These aren’t the only guidelines that developers should follow, but they’re a fantastic start. Com­panies shouldn’t be afraid to make accurate, relevant claims if they do so appropriately. Like­wise, they shouldn’t be afraid of dissent or dis­agreement if it is reasonable and creates a health dialogue about the issues. For example, a fa­mous 2006 discussion ensued between Michael Pollan, the author of The Omnivore’s Dilemma, and John Mackey, the CEO of Whole Foods, after Pollan criticized Whole Foods in his book. Initially, Mackey wrote an open letter to Pol­lan on his company blog.[88] Then Pollan posted a reply on his Web site.[89] Almost a year later, the two met on stage at UC Berkeley for what was expected to be a heated debate but became more of a mutually respected discussion.

. . . [companies] shouldn’t be afraid of dissent or disagreement if it is reason­able and creates a healthy dialogue about the issues.

More important than the points either made in the discussion was the fact that the discus­sion took place at all, and those watching it (it’s available online as well[90]) were able to learn about the complexity of these subjects, not to mention where each opinion stands. That this discussion took place at all is a great sign that some of the players in the sustainability world (or, more accurately in this case, the organic food industry) are willing to discuss important aspects of these issues instead of merely beat­ing each other up in the typically sensational – istic media. The result was undoubtedly not only good for both Whole Foods and Pollan but also for customers, the industry, and these movements.

It’s important for organizations of all kinds to pay attention to the details of their actions and to be sure that their processes and policies (as well as their product and service offerings) align with their corporate strategies, mission, and values. Discussions like these can help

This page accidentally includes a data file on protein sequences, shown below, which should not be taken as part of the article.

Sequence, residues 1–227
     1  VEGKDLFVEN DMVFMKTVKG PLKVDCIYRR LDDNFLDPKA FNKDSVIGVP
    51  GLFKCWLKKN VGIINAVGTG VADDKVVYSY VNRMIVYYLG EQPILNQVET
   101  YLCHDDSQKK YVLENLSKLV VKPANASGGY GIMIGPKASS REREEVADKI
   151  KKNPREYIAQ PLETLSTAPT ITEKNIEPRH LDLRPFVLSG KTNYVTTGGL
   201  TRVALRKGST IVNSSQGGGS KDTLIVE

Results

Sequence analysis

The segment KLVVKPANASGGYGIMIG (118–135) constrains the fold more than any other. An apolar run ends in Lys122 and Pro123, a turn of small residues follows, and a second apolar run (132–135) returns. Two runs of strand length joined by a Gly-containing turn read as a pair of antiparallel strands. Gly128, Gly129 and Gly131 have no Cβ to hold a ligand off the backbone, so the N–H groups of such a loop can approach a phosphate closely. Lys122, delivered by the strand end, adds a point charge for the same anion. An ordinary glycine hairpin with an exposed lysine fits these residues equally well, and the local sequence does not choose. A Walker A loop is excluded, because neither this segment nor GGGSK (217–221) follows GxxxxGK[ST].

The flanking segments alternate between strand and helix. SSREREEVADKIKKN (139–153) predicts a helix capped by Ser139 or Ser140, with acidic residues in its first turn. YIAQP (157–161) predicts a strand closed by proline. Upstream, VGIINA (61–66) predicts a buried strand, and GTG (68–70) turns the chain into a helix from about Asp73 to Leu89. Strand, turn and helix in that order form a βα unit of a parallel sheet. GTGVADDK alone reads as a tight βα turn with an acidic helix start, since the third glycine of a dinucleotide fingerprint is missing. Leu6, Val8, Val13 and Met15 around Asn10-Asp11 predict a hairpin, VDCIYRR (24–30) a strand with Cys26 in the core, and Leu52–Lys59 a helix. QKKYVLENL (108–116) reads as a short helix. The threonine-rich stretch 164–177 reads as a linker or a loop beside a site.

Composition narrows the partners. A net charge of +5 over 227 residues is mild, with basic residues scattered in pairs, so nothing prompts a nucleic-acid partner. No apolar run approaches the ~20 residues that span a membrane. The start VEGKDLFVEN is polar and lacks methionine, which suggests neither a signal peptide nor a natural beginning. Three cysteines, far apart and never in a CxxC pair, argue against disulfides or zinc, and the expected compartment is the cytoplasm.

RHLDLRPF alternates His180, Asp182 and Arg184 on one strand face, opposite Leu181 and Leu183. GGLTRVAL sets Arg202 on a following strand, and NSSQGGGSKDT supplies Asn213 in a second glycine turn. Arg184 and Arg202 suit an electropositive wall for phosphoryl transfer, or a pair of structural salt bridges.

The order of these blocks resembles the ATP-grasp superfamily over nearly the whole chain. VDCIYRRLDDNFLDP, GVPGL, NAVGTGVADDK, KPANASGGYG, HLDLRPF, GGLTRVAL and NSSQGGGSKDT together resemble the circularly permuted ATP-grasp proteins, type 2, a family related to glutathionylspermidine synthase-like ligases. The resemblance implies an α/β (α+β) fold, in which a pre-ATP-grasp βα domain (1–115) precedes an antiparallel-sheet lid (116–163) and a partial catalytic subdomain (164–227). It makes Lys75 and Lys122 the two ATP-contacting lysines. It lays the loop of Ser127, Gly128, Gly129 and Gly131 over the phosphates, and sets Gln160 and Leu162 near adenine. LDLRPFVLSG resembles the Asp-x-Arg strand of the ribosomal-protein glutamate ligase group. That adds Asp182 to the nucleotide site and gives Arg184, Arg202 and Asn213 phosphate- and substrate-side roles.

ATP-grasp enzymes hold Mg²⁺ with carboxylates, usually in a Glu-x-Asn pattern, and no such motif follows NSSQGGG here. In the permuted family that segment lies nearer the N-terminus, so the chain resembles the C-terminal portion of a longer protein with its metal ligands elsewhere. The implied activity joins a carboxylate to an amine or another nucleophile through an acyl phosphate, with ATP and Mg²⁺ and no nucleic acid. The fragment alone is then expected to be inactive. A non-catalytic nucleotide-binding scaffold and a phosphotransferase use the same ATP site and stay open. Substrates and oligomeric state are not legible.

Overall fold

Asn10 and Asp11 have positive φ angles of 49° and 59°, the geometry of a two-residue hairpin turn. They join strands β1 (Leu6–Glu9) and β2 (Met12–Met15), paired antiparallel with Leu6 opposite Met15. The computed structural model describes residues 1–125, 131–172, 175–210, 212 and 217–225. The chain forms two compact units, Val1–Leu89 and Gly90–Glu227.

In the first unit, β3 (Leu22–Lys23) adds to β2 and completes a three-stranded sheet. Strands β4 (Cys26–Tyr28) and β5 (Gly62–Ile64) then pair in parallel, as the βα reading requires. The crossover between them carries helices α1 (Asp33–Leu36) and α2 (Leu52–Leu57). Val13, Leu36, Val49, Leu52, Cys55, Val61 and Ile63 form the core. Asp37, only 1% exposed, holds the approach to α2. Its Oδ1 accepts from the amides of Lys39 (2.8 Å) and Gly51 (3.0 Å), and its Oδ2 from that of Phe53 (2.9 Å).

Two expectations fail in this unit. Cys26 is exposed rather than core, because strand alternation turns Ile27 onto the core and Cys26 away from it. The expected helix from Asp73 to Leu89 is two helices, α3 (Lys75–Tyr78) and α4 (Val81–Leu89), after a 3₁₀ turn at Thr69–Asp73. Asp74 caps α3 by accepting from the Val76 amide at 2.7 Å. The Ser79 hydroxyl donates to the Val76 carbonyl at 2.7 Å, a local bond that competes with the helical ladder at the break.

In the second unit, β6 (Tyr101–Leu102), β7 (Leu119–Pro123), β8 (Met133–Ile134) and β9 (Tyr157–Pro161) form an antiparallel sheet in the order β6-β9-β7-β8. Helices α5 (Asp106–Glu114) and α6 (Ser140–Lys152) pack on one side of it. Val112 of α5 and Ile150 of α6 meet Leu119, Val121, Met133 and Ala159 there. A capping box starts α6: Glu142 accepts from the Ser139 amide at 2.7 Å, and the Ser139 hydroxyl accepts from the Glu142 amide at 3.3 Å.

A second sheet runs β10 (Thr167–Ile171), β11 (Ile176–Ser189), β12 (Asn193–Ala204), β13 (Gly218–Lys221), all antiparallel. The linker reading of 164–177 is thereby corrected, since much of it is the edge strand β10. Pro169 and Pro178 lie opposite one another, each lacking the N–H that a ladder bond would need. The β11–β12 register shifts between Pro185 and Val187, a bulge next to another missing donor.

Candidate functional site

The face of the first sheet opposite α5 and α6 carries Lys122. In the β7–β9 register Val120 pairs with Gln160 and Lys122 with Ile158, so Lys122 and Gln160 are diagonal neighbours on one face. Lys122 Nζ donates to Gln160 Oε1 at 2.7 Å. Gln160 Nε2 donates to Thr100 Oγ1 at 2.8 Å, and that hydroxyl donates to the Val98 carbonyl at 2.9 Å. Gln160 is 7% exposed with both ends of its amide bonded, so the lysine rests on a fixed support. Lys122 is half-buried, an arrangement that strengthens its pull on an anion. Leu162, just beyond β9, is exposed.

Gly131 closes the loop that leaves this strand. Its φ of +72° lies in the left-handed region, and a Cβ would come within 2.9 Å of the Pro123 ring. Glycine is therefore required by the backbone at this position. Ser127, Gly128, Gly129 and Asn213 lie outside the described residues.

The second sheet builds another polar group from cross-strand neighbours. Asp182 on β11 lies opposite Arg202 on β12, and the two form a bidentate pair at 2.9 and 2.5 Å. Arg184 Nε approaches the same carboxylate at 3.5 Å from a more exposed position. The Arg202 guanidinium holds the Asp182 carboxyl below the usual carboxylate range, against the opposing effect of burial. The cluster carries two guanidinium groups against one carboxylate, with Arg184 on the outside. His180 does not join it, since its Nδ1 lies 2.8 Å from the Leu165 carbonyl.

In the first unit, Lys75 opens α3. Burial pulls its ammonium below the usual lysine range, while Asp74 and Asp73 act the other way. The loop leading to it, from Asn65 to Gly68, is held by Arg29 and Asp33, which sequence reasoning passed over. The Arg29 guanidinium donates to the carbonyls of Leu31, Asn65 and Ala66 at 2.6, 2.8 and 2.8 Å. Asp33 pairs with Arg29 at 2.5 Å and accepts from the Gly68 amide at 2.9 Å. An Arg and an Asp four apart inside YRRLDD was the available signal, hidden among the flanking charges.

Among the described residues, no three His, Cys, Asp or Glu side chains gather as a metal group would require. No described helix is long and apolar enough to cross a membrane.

calibrate when they are aligned (or not), and preferably these discussions should happen inside the company during development and not wait until offerings, actions, and messaging are finally launched.

It’s always a good idea for organizations to offer more details about their products, services, and policies, and their Web sites are a great place to do this. Since sustainability issues aren’t simple, it’s likely that messages—especially advertis­ing—are going to be correspondingly simpli­fied (but still accurate). Offering substantiating material about claims, as well as outlining as­sumptions, is one of the ways organizations can set context, explain their approaches, and dispel charges of greenwashing. Education about these issues expands exponentially as it is shared, and it helps create a more fertile foundation for fu­ture improvements in sustainable practices. This expansion extends to information about what to do with products once customers are finished with them, how to recycle them (and where), and how best to dispose of them (if necessary). Relevant information should be made available